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ERIC Number: EJ1018218
Record Type: Journal
Publication Date: 2013
Pages: 39
Abstractor: As Provided
ISSN: ISSN-1467-9620
Social Capital and the College Enrollment Process: How Can a School Program Make a Difference?
Stephan, Jennifer L.
Teachers College Record, v115 n4 2013
Background: College attendance has become a crucial determinant of life chances in U.S. society. Besides college costs and academic preparation, college-related cultural and social capital may help explain socioeconomic differences in whether and where students attend college. While high school counselors are seen as potential agents of social capital, the standard counseling model, developed to serve middle-class students, may not translate effectively to schools serving disadvantaged students. The college coach program, introduced in 12 nonselective Chicago Public Schools (CPS) in the fall of 2004, provides an alternative model. In contrast to the standard high school counseling model, college coaches take a "community organizer" role in assisting the college enrollment process. Statistical difference-in-differences analysis suggests that coaches may have improved the kinds of colleges that students attended, particularly for less advantaged students (Stephan, 2010). Purpose: This qualitative study describes how the coach program works and analyzes key aspects that may explain its positive relationship with college enrollment outcomes. Participants: Interviews were conducted between the spring of 2006 and spring of 2007 with 9 current and former college coaches, 2 postsecondary specialists (to whom the coaches report), and 30 high school seniors in 2 coach schools, which, like other non-selective CPS high schools, serve students who are predominantly African American or Latino and low-income. Research Design: Responses to semi-structured interviews with coaches and students were coded for recurring themes and according to interview questions. A model of how coaches create social capital emerged from iterations between coding interviews and studying previous research on the creation of social capital. Conclusions: The results suggest that coaches use new advising strategies (different from typical school counseling practices) to increase students' college-related social capital and subsequently increase the number of students completing college actions, which may explain improved enrollment outcomes. This research highlights previously tacit assumptions about how counseling should work and details new advising procedures that may benefit disadvantaged students in the college enrollment process. More generally, this research discusses specific social mechanisms through which policy or institutions may create social capital to improve educational attainment.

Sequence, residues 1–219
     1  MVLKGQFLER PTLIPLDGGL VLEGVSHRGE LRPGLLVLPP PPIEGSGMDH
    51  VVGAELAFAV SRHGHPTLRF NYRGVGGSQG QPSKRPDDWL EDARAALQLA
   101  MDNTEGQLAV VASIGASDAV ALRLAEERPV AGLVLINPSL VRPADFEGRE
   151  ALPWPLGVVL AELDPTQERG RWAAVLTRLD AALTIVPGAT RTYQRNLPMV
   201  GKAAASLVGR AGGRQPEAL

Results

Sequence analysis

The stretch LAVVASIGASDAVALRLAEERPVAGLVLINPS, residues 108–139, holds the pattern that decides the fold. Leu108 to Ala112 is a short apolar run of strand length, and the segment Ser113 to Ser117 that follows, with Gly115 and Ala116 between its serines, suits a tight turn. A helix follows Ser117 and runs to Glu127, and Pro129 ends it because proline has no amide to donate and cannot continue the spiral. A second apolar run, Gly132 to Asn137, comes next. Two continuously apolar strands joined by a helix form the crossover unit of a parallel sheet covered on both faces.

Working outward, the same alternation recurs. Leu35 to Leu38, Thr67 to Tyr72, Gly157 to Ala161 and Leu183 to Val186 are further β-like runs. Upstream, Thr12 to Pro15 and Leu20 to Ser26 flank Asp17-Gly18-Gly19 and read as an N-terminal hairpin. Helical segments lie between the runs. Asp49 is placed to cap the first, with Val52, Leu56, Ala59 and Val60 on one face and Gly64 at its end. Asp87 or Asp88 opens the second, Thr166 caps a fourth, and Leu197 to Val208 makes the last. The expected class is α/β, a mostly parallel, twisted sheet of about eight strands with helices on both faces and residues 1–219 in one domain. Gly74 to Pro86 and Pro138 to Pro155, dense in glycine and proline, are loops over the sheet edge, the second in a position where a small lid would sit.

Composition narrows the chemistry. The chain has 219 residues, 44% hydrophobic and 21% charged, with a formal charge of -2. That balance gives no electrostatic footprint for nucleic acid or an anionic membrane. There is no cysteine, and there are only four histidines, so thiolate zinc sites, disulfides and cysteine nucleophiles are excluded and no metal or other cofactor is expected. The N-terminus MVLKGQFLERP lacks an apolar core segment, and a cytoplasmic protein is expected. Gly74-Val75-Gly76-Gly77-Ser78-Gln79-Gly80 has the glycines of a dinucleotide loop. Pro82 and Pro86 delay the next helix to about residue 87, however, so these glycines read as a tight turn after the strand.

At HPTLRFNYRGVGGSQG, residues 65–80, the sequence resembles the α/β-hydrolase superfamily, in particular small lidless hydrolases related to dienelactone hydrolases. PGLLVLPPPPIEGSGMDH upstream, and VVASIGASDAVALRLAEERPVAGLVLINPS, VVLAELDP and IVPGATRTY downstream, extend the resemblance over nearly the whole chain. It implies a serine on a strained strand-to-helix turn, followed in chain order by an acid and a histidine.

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Publication Type: Journal Articles; Reports - Research
Education Level: High Schools; Secondary Education
Audience: N/A
Language: English
Sponsor: N/A
Authoring Institution: N/A
Identifiers - Location: Illinois
Grant or Contract Numbers: N/A